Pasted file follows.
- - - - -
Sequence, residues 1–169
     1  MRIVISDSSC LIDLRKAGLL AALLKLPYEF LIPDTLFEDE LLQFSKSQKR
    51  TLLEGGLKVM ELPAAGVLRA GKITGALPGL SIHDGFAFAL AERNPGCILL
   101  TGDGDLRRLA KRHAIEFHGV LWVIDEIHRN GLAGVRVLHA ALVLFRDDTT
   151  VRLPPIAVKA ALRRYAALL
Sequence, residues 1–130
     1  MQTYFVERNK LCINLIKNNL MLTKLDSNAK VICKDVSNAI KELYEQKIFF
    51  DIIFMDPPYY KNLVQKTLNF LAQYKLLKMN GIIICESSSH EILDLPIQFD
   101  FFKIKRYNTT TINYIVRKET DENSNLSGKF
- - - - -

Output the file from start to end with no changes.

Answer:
Sequence, residues 1–169
     1  MRIVISDSSC LIDLRKAGLL AALLKLPYEF LIPDTLFEDE LLQFSKSQKR
    51  TLLEGGLKVM ELPAAGVLRA GKITGALPGL SIHDGFAFAL AERNPGCILL
   101  TGDGDLRRLA KRHAIEFHGV LWVIDEIHRN GLAGVRVLHA ALVLFRDDTT
   151  VRLPPIAVKA ALRRYAALL
Sequence, residues 1–130
     1  MQTYFVERNK LCINLIKNNL MLTKLDSNAK VICKDVSNAI KELYEQKIFF
    51  DIIFMDPPYY KNLVQKTLNF LAQYKLLKMN GIIICESSSH EILDLPIQFD
   101  FFKIKRYNTT TINYIVRKET DENSNLSGKF